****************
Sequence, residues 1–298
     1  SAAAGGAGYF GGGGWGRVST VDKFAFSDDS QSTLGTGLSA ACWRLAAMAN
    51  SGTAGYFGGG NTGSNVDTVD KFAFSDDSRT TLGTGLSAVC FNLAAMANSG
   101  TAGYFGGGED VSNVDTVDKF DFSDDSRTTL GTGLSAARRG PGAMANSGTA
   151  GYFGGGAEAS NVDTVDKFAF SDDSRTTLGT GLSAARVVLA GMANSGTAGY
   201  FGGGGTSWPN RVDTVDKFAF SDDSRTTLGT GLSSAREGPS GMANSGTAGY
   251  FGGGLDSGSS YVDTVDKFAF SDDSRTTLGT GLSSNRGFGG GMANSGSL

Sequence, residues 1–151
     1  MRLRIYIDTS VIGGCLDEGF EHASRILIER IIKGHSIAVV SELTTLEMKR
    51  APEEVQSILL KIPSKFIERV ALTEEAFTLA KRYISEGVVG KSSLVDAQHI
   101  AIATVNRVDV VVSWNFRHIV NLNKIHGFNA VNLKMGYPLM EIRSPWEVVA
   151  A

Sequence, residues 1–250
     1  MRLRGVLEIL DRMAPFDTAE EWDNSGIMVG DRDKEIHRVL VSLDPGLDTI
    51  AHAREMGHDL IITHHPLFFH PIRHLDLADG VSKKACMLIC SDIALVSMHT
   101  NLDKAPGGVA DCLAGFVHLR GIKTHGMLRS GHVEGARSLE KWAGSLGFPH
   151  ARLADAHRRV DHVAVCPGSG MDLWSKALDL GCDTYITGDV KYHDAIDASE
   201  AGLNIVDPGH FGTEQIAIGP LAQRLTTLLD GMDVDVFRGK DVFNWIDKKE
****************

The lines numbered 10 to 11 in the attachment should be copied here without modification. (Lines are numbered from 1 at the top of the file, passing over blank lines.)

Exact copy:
    51  APEEVQSILL KIPSKFIERV ALTEEAFTLA KRYISEGVVG KSSLVDAQHI
   101  AIATVNRVDV VVSWNFRHIV NLNKIHGFNA VNLKMGYPLM EIRSPWEVVA